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(Re)Defining the proline-rich antimicrobial peptide family and the identification of putative new members

Version 2 2023-10-17, 03:19
Version 1 2021-01-12, 01:56
journal contribution
posted on 2021-01-12, 01:56 authored by Nicholas Welch, W Li, MA Hossain, F Separovic, NM O'Brien-Simpson, JD Wade
© Copyright © 2020 Welch, Li, Hossain, Separovic, O'Brien-Simpson and Wade. As we rapidly approach a post-antibiotic era in which multi-drug resistant bacteria are ever-pervasive, antimicrobial peptides (AMPs) represent a promising class of compounds to help address this global issue. AMPs are best-known for their membrane-disruptive mode of action leading to bacteria cell lysis and death. However, many AMPs are also known to be non-lytic and have intracellular modes of action. Proline-rich AMPs (PrAMPs) are one such class, that are generally membrane permeable and inhibit protein synthesis leading to a bactericidal outcome. PrAMPs are highly effective against Gram-negative bacteria and yet show very low toxicity against eukaryotic cells. Here, we review both the PrAMP family and the past and current definitions for this class of peptides. Computational analysis of known AMPs within the DRAMP database ( and assessment of their PrAMP-like properties have led us to develop a revised definition of the PrAMP class. As a result, we subsequently identified a number of unknown and unclassified peptides containing motifs of striking similarity to known PrAMP-based DnaK inhibitors and propose a series of new sequences for experimental evaluation and subsequent addition to the PrAMP family.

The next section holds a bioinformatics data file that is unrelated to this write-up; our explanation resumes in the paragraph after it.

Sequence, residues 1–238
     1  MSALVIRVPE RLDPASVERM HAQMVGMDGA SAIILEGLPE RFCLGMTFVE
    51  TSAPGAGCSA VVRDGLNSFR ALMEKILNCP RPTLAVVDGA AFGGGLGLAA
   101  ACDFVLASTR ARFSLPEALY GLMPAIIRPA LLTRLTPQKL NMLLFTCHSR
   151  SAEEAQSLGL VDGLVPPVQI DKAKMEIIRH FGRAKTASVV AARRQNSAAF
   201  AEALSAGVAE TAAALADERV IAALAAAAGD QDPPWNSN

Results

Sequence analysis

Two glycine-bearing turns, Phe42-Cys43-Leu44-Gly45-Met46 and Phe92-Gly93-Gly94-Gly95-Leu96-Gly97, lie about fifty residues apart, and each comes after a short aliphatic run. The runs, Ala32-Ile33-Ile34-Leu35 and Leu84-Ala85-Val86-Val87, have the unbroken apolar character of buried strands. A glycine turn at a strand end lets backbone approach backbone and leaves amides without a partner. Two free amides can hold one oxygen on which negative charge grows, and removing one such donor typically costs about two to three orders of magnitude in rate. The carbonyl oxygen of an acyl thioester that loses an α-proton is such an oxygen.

NOBS is the recipient of NHMRC funding (APP1142472, APP1158841, APP1185426), ARC funding (DP160101312, LE200100163), Cancer Council Victoria funding (APP1163284), and Australian Dental Research. Funding for antimicrobial materials and research was also supported by the Centre for Oral Health Research at The Melbourne Dental School. JW is an NHMRC Principal Research Fellow (1117483). The studies undertaken in his laboratory were supported by an NHMRC Project grant (APP1158841). WL is the recipient of the 2019 Weary Dunlop Foundation grant and 2020 Early Career Researcher grant scheme of the University of Melbourne. Research at The Florey Institute of Neuroscience and Mental Health was supported by the Victorian Government Operational Infrastructure Support Program.


Publication Date



Frontiers in Chemistry



Article Number

ARTN 607769




Frontiers Media



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